[The Show’s Not Over: How to Engage, Connect, and Follow Up]

The day after the gig, spend some time sending emails. First, email the club contact and thank him or her for having you, and make extra sure to include that you'd love to be back at the venue and are available for any bills that need an extra band. (On a related note, make sure to get an email address for the talent buyer/booking agent before you leave the venue if you don't have it.) After that, if you were asked by another band to be on the bill, send them a thank you for the invite, and let them know you'll try to return the favor (just make sure you follow through!). Then, reach out to any other bands that played. Tell them something you liked about their set, compliment their merch, basically just be nice and make the connection. You will be remembered!

4. Become a regular

You might be surprised by how many opportunities you can get just by being a good and frequent customer at a local small business. As a regular at a few places in my area, I've been able to book gigs at establishments that don't typically even have live music; at other places, I've been told I can play whenever I want and just have to send in an email.

If you're an acoustic/quiet act, pick a few cafes in town to frequent. Go in, learn people's names, talk to the staff, hang around, and just be nice. Once they become familiar enough with you, start telling them about your music. You might be able to get a gig or two out of it! If you're a louder band, you can do the same thing at bars or any other establishment in your area that hosts bands like yours. Again, you get gigs from people, not places. By getting to know the people who work at the place, you’re much more likely to secure a booking (and additional bookings down the road).

5. Start booking sooner than you think you need to

Venues like to have full calendars. It means that they'll be more likely to pay their rent and staff on time. There are always folks who are going to want to get on a bill for this weekend. However, there are far fewer folks that are thinking about where they'll be playing four to six months from now.

If your goal is to have your band playing steadily (at least one gig per week), then stop trying to book gigs for next week. Stop trying to pitch gigs for next month. Instead, solicit yourself to venues far, far in advance. The three-to-six-month range is great for local and regional gigging. As long as you have the draw for the room, you can almost guarantee that you'll be able to get the date you want at a venue if you're looking this far in advance. This requires patience, but it all pays off once you hit that first gig and are playing steadily for the rest of the year due to your diligence in the months prior. Keep lining up gigs as fast as you play them, and you'll be booked for the rest of the band's existence.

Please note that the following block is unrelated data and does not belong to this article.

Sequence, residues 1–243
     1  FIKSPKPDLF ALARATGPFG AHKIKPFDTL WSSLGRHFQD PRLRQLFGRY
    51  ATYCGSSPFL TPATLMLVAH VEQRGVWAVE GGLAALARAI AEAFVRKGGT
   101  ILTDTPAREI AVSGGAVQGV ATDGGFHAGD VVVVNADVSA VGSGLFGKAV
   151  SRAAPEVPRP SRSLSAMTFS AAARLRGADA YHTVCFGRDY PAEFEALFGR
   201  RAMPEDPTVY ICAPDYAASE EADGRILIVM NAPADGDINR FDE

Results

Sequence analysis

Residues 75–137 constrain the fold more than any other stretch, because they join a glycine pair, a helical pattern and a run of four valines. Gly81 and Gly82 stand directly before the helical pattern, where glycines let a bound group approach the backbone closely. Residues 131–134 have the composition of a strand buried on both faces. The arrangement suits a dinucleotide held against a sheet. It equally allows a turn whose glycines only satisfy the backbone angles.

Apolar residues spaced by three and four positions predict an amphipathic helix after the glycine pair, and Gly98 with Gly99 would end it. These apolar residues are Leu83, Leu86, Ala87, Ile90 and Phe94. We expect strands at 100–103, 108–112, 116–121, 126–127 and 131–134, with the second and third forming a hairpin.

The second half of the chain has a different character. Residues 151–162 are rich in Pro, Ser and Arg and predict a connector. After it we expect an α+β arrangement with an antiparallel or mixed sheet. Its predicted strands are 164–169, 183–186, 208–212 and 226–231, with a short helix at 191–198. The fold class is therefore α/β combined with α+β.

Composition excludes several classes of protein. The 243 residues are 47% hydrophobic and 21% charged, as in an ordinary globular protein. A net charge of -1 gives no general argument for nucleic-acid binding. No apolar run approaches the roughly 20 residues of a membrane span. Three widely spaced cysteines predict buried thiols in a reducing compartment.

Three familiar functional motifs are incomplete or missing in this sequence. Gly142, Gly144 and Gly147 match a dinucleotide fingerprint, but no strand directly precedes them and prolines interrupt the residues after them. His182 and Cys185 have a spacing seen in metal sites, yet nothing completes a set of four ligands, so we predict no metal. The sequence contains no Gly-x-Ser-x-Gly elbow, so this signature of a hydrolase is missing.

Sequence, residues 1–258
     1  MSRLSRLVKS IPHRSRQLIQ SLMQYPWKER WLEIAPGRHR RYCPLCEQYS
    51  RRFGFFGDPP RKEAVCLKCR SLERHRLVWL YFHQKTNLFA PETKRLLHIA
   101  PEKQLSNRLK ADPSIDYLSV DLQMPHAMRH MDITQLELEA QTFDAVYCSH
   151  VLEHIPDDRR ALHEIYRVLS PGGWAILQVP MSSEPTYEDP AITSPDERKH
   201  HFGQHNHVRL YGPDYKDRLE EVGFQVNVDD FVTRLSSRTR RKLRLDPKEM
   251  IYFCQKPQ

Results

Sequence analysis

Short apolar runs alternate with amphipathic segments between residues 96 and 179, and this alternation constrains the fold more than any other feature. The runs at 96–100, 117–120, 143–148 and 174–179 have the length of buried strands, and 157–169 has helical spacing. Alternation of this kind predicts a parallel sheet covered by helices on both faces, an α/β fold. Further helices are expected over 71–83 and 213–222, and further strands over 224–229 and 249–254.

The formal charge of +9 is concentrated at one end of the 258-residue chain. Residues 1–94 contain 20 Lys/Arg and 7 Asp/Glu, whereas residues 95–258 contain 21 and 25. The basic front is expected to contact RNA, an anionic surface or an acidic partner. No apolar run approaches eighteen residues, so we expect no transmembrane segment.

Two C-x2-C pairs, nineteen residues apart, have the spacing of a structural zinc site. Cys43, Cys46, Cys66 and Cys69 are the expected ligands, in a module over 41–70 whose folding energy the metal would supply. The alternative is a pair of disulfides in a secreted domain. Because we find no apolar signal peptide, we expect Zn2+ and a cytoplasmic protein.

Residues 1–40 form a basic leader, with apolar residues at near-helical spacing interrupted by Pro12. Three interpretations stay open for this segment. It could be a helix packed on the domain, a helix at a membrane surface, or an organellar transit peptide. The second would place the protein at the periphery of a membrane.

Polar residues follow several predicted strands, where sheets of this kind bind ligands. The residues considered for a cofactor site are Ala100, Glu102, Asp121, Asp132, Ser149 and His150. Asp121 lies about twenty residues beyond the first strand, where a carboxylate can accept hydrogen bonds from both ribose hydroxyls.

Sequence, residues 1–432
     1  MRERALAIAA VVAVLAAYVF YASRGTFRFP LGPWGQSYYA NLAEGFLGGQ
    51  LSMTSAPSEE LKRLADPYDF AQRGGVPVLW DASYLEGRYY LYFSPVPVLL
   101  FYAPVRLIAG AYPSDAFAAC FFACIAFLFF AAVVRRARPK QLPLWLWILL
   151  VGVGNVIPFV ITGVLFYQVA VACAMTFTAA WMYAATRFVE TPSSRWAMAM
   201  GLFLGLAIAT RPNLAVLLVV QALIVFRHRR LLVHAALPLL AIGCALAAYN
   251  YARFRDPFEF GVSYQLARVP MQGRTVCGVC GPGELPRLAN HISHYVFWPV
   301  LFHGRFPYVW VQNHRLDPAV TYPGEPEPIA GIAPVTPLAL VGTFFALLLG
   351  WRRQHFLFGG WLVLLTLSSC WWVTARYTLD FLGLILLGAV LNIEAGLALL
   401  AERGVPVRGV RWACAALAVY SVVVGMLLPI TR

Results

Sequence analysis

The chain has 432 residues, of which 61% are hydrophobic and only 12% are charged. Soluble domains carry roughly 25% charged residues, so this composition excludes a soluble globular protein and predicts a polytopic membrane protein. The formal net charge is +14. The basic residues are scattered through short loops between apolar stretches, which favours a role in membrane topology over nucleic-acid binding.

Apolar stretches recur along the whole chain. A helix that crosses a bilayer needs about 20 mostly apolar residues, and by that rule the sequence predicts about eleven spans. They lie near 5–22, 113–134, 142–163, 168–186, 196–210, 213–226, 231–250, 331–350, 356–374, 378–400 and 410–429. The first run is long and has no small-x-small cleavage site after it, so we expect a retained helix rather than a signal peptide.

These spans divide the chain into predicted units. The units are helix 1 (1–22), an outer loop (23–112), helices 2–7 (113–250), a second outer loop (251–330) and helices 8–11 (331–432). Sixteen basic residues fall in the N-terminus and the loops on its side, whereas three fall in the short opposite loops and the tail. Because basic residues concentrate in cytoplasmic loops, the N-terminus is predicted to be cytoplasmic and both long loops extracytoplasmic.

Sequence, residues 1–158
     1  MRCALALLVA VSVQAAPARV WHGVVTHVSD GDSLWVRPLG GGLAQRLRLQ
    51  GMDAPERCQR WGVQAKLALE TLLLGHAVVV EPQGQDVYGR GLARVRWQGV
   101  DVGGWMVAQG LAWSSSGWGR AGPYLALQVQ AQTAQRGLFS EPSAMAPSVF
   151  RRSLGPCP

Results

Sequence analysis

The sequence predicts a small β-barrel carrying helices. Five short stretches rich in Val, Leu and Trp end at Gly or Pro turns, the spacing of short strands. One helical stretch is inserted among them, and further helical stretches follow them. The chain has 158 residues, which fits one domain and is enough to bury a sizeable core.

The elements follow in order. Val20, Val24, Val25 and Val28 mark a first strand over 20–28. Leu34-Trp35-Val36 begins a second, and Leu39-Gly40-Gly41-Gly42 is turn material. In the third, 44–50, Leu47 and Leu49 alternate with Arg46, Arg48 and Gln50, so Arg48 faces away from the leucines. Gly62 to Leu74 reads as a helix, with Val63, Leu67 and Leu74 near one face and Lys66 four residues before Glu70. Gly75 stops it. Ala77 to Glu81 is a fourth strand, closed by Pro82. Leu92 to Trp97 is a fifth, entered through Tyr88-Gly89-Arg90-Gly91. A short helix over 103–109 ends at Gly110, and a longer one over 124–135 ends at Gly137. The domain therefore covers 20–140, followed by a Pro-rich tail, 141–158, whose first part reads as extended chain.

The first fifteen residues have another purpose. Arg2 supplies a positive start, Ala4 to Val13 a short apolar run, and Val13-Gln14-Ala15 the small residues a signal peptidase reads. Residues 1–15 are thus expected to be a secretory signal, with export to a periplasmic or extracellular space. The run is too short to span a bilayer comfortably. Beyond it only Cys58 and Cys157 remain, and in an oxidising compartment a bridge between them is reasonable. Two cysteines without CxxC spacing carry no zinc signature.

This is also a very helpful model for bands where the members are involved in multiple projects or have very busy work schedules. Arranging gigs this far in advance will give everybody time to check for conflicts, get work off, and basically make any necessary arrangements to make sure they'll be available.

This will be a great tool for your local and regional gigging, but is an absolutely essential part of booking a tour. I'd recommend starting even earlier for tours, at least six months in advance. This way, you can arranging your routing to be 100 percent efficient, and you won't have the stress of trying to fill the holes in your schedule at the last minute.


Dylan Welsh is a freelance musician and music journalist based in Seattle, WA. He currently plays in multiple Seattle bands, interns at Mirror Sound Studio, and writes for the Sonicbids blog. Visit his website for more information.


Topics: Music Business 101, Booking Gigs & Touring